Burney. Burney is notable simply by virtue of being the only female author on the chart. As explained on the previous page (at Major 18c sources in OED1), she is also unusual as a pre-1850 author in having new quotations from her works (in this case, journals and letters) added to OED after completion of the first edition in 1928. OED Online indicates that something over 30% of Burney’s OED quotations today (i.e., the current mixture of unrevised OED2 and revised OED3 combined) are from her letters and journals. Without further information from the OED editors we cannot tell whether the new OED3 quotations are being collected from these sources, from her novels, or from a combination of the two. Either way the increase in quotation would seem to be the result of the OED3 initiative to record more from sources outside the traditional male-dominated literary canon – though it is striking how male canonical poets, novelists and other writers continue to dominate the OED record after nearly 20 years of OED3 revision, as illustrated by the much larger numbers of new quotations the OED3 revisers have added from Defoe, Fielding and Richardson (see further below).4
OED Online’s ‘Top 1,000 sources’ – June 2019: 18th-century
The chart below takes newly available evidence from OED Online’s list of top 1,000 authors and works quoted in OED in its current form (accessed 12 June 2019, the time of writing), which allows us to see more detail about major 18th-century sources – in particular, their identity and their ranking, here indicated by the number in brackets after their name. (EOED’s original research on period coverage and top sources drew on the pre-2010 OED website, before the introduction of more sophisticated search tools, and could use only trial and error searches). The cut-off point for inclusion for Chart 21 was chosen as c 2 500 quotations, which allowed us to squeeze in Frances Burney (2,488).5
However, this reckoning does not take into account the enormous number of new quotations from a multi-authored source which the OED3 revisers have added to their record of 18th-century usage – 7,780 in total from issues of the Royal Society’s Philosophical Transactions. Since this dwarfs the relative proportions of the single-author sources we discuss it in a separate section below, with a separate chart (click on the link to read).
Chart 15: From OED Online ‘Top 1,000 sources’ for 1700-1799 (June 2019)
Five of the top sources displayed above are newcomers to our charts – in other words, they are either sources EOED did not spot when we identified major suppliers of 18th-century quotations in our pre-2010 research, or – theoretically possible, but unlikely in all five cases – entirely new sources for OED3; the website’s search tools do not allow us to distinguish between these two possibilities. The five additional sources include the novelists Goldsmith and Smollett (around 4,500 and 2,500 quotations respectively) and the prose writer Steele (just over 4,000) – all three reinforcing the dominance of canonical male writers representing the language of this period.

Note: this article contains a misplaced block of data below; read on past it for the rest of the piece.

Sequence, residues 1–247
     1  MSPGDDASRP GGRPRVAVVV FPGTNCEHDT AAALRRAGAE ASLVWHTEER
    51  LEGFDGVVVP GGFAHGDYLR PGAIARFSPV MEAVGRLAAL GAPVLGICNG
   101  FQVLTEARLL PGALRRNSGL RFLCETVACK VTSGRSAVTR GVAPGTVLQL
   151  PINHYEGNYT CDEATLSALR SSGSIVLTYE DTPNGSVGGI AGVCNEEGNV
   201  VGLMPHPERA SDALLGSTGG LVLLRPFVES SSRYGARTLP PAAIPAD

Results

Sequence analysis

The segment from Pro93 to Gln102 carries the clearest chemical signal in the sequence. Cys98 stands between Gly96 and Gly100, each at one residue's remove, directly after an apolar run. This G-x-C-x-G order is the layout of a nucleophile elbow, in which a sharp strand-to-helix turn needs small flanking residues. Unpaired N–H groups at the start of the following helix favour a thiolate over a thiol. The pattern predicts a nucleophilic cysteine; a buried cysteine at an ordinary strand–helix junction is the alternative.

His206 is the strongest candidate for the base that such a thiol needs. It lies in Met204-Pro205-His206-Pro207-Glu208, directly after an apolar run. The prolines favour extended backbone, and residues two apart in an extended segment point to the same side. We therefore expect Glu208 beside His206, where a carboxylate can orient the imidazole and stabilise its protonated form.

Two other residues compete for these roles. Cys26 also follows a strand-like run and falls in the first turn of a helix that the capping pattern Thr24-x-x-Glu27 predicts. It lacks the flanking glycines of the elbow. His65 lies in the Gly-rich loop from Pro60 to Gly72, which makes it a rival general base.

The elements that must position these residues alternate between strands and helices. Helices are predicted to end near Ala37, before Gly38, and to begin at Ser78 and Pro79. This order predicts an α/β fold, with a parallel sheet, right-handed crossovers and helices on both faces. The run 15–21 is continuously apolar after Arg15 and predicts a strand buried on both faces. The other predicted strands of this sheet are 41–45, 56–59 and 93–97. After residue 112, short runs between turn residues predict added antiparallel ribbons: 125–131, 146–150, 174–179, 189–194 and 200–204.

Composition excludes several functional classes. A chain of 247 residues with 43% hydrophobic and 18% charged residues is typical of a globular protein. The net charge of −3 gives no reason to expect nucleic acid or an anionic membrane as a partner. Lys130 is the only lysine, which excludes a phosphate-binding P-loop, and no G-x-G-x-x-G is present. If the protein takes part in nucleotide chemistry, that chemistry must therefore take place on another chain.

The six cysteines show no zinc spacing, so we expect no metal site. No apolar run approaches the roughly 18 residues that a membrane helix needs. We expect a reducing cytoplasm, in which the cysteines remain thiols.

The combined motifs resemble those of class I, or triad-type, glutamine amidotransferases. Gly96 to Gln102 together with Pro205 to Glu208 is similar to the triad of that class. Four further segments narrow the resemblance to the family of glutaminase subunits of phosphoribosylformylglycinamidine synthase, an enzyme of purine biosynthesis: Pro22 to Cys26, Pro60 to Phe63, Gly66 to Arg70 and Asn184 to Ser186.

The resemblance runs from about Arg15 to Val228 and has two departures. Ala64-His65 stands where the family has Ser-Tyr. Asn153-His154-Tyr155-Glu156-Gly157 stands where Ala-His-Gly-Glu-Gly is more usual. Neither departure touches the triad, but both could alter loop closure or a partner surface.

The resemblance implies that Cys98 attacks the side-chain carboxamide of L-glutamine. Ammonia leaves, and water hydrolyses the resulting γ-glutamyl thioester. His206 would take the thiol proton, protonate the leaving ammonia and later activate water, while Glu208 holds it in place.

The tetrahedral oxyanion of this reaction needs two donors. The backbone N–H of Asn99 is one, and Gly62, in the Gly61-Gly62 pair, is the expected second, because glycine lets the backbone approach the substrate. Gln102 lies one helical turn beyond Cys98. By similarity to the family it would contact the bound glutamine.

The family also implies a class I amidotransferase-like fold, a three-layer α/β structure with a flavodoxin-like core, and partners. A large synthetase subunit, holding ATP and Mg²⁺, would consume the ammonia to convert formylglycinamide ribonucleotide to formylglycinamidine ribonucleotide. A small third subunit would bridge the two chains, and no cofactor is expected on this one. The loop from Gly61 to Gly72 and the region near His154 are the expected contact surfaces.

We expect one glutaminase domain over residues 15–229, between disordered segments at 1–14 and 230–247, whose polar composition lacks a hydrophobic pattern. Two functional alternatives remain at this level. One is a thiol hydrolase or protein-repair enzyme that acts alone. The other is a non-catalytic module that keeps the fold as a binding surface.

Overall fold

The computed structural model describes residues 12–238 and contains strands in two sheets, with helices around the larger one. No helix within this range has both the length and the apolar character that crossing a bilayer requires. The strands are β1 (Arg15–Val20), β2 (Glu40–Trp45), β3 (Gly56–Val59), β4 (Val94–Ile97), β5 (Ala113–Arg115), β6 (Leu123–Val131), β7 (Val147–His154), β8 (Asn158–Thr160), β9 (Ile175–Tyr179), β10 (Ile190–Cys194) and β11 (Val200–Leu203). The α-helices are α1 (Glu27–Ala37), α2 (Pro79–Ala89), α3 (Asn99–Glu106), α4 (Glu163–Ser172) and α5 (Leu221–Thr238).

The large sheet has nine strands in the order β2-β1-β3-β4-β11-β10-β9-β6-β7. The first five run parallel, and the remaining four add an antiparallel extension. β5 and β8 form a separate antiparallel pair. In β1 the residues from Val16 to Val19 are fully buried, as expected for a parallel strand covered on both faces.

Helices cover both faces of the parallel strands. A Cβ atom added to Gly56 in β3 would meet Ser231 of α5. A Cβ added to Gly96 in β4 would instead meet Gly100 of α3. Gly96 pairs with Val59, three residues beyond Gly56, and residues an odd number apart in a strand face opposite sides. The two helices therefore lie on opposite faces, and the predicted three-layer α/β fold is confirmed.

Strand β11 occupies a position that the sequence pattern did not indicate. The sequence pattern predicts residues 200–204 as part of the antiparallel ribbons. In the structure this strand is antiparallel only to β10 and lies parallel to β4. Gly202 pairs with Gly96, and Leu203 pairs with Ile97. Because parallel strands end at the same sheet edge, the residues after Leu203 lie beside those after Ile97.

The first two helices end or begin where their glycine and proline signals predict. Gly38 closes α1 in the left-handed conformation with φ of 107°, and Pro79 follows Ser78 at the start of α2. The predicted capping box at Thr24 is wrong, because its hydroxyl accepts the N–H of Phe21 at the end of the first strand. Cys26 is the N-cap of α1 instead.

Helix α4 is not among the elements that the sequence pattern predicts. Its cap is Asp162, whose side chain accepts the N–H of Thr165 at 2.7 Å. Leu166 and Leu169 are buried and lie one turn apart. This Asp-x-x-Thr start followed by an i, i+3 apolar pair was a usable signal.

The remaining two sources are lexicographical ones, Ephraim Chambers (c 3,800 quotations) and Edward Phillips (c 2,600), who instead add to the remarkable role played by dictionaries in OED’s 18th-century documentation. Almost all of Chambers’ quotations come from his 2-volume Cyclopædia, principally the first edition of 1728, while Phillips’s tally is entirely from the one-volume The new world of words, technically the 6th edition of a work originally published in 1658 but in fact a posthumous new version by John Kersey of 1706. This was notable for its inclusion of dialectal and agricultural words (‘Country-Words’, as Kersey called them) as well as many scientific and technical terms.6
As was the case with Bailey (discussed under Major sources on the previous page), OED’s heavy citation from dictionaries indicates a lack of quotations from other sources, and it is interesting that this continues to be the case given the OED3 revisers’ access to a hugely extended range of texts. Further exploration of the entries and quotations concerned – many of which seem to be for unusual words – is needed before we can identify and assess what is causing this phenomenon.
It is additionally notable that after nearly 20 years of OED3 revision Burney remains the only highly quoted female author from this period, despite the dramatic increase in publication by female authors over the century, with more women than men publishing novels by 1800. The only other 18th-century female author included in OED Online’s 1,000 most quoted sources, at a dispiriting 882nd place on the list, is the poet and novelist Charlotte Smith (553 quotations, none from her poetry, a few from her letters, almost all from her novels). The single female author in the 18th-century section of Murray’s Appeal list of 1879, the dramatist Elizabeth Inchbald, is even today represented by a meagre 112 quotations in total (i.e. an increase of 51 quotations from her OED2 total of 61). The continued reluctance of the OED3 revision to improve the representation of the language from female-authored sources to any significant extent, given their wide availability, is inexplicable: female authors currently (July 2019) occupy 28 of the 1,000 slots on the OED Online list. See further Fe/male sources.